The book of remembrances Do not cry, compiled by Arístides Vega Chapú (and whose reading we recommend) offers a wide sum of testimonies and visions about the so-called Special Period. In the text, several Cuban firms, belonging to various manifestations of culture, tell of their experiences during some of the most raw moments lived in the nineties of the last century. Of the many stories, some extremely hard, we recovered this one, from the writer and poet Aramís Quintero, who was also one of the members of the renowned humorous group La Seña del Humor, of Matanzas.
I suppose special period means a space of time characterized by a material hardship sharper than that of any other moment. And with that definition my indecisions begin, because in my personal memory and perception the years from 1968 to 1972 could well be a special period, which began with the “revolutionary offensive” and ended, for me, with the end of my life as a scholarship and my return to Matanzas to start working.
But putting that aside, for me the Special Period that everyone mentions runs from 1992 to 1999. Why do you need those precise dates? For reasons, again, personal. In 1992 exactly, my difficulties began to do what I normally did until then: work. There was no more transportation and money and lodgings for La Seña del Humor to move. And there was less and less. The group disintegrated. The Cuban currency became the ghost it is, and the dollar took its place, as we know.
So it wasn’t about quitting one job and taking another (professor, culture consultant or radio writer), because in economic terms none made sense. It only made sense to make dollars and La Seña had no access to these, apparently for legal, legal reasons. (But it is the case that sabadazo’s team, the humorous TV show, for example, could win them without any legal problem.)
During the nineties it became clear to me that all the work, the creativity of La Seña, the success, the recognition gained since 1984, were of no use for that work to survive. Nobody cared. No one remembered. I am referring, of course, to the leaders, the institutions […] We would have had to go live in Havana as we could and make the humor for tourists and alcoholics that was done in the nightclubs. We couldn’t do that. We didn’t know.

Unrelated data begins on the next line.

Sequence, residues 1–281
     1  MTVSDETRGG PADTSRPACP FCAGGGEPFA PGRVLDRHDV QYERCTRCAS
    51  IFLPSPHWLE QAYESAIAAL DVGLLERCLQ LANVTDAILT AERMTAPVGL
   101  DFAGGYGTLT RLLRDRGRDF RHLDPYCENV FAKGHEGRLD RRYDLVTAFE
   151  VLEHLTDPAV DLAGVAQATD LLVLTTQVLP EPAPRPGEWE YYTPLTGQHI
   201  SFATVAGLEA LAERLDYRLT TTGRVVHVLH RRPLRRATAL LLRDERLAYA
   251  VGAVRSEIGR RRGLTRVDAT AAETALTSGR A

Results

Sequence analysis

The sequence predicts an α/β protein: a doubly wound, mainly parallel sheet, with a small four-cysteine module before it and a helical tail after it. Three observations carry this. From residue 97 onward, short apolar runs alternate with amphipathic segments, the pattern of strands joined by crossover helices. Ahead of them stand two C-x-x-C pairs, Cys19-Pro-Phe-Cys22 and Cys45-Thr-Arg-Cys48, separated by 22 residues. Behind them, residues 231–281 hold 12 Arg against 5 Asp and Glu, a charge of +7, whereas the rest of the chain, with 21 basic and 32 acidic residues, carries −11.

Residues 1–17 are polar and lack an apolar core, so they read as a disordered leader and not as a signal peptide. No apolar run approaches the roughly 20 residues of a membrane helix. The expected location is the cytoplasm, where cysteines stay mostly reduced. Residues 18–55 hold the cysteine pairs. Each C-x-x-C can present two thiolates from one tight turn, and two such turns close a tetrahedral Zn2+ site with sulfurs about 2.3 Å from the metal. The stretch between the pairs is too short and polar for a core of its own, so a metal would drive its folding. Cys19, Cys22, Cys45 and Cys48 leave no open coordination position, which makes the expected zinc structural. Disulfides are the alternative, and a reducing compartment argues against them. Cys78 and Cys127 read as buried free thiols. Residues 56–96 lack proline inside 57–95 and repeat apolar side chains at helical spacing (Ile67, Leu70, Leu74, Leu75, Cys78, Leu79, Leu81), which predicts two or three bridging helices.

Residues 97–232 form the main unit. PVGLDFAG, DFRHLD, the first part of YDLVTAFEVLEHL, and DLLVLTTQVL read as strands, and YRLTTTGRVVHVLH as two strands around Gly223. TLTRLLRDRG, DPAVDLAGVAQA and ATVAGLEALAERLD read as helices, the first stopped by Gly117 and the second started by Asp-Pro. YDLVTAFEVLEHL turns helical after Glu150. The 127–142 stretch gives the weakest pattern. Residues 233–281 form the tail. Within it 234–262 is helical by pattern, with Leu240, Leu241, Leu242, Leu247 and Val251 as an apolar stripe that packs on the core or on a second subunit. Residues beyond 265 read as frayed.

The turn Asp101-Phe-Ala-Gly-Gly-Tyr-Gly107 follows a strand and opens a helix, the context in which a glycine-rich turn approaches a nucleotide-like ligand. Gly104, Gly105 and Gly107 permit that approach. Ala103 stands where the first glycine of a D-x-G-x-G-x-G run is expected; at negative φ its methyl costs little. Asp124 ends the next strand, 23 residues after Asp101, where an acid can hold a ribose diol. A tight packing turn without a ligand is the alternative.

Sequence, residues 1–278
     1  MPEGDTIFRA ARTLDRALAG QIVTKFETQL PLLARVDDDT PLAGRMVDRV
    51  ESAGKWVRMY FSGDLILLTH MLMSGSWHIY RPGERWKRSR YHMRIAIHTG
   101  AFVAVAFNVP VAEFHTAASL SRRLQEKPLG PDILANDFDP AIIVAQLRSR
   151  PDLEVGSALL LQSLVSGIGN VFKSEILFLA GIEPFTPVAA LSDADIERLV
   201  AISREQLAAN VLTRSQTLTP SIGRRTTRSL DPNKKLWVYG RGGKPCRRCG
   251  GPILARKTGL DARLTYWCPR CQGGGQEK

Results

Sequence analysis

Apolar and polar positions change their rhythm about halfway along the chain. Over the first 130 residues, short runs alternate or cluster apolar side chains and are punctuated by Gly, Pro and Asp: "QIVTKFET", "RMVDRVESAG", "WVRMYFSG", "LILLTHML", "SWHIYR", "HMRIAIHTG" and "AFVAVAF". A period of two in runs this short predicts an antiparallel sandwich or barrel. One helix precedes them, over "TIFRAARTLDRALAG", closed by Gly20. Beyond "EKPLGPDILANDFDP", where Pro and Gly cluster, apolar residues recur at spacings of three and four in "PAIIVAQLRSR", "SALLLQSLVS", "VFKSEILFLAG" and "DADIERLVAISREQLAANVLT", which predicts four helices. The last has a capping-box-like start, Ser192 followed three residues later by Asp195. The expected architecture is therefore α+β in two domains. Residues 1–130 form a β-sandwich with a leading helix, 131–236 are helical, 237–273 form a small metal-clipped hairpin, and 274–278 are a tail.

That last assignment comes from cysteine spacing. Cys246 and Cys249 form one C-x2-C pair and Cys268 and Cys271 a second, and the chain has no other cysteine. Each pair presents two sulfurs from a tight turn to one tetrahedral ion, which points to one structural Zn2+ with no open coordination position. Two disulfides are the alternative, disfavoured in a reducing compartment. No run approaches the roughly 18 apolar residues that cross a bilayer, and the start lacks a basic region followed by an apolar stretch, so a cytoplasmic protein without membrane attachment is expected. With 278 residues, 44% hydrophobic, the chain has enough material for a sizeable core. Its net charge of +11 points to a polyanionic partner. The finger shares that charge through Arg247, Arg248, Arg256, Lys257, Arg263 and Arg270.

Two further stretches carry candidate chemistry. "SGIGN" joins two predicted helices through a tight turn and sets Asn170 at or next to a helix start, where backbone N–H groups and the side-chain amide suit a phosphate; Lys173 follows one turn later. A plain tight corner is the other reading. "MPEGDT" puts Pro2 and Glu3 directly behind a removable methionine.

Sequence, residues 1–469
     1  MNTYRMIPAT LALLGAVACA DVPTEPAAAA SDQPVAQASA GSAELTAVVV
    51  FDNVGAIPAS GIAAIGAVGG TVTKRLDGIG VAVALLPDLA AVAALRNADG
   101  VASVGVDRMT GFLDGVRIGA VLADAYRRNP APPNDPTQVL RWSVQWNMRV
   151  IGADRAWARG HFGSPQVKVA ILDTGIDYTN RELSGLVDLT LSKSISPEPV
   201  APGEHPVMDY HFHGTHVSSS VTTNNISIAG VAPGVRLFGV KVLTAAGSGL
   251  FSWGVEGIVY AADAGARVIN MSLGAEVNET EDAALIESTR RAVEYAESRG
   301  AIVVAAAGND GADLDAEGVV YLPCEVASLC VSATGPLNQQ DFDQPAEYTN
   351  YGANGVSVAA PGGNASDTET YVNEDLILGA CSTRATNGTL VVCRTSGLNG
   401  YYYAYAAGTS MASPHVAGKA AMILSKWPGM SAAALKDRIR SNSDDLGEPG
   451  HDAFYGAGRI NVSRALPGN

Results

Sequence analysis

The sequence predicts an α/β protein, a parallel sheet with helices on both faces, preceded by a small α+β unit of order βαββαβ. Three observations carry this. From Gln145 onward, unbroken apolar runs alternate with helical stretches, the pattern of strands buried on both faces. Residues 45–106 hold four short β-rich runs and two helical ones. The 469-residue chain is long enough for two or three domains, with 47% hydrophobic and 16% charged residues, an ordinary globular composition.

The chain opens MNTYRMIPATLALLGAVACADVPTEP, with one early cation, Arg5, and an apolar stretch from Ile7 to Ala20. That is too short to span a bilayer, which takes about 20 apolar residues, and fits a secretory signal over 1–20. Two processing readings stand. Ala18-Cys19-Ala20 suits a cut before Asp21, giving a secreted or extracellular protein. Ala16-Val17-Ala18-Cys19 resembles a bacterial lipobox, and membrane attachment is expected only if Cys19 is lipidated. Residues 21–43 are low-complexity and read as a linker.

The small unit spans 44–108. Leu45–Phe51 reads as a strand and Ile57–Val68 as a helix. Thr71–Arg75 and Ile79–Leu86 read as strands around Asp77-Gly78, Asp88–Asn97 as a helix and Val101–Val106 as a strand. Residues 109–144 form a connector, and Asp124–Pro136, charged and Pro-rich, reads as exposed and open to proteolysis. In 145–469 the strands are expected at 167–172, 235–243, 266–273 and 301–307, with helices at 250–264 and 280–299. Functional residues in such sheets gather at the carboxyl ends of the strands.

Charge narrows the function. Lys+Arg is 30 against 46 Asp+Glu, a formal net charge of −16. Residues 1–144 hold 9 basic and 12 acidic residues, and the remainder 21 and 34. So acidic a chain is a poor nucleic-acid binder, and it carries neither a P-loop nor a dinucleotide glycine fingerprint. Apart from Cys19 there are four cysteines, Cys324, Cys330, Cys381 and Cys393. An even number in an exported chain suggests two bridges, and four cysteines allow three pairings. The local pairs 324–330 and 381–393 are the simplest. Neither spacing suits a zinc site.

Finally, at the end of 1998, the administration of Ruinas de Matasiete, a night center in Matanzas, agreed to pay us a small amount in dollars for working there on Saturdays, sometimes also on Fridays. It was little, but something and systematic.
Between November 1998 and February 1999 we made there an audience that did not exist before. A full place. With our usual humor, without concessions to alcohol; without a single altercation or problems of any kind happening. He won the facility and we won. Until, on February 14, 1999, after a special performance with the venue packed and many people who don’t have to watch the show on the outside, inspectors once determined that it was “not legal.” And it’s over.
We don’t even charge that feature. Days later, I called Pelayo , former director of La Seña – to Chile and told him that I was determined to meet him there […] In May 1999 he was flying. That Special Period ended for me and a different one began.
But for me the most serious of this period has a qualitative character, in it appears a new psychological factor, conditioned by the economic situation: insecurity, the perception of “save who can”. That didn’t exist before.
Greater or lesser hardship always existed, but, at its poor levels, everything was assured, starting with the first thing: daily food. With the Special Period began the anguish and stress of “solving” today’s bread, “tomorrow’s, we will see”. We were accustomed to immovable poverty, with its remarkable boredom, but we did not know the stress. Ω
Taken from Arístides Vega Chapú (compiler): Don’t cry, Havana, Memory Award 2009, La Memoria Editions, Pablo de la Torriente Brau Cultural Center, 2011.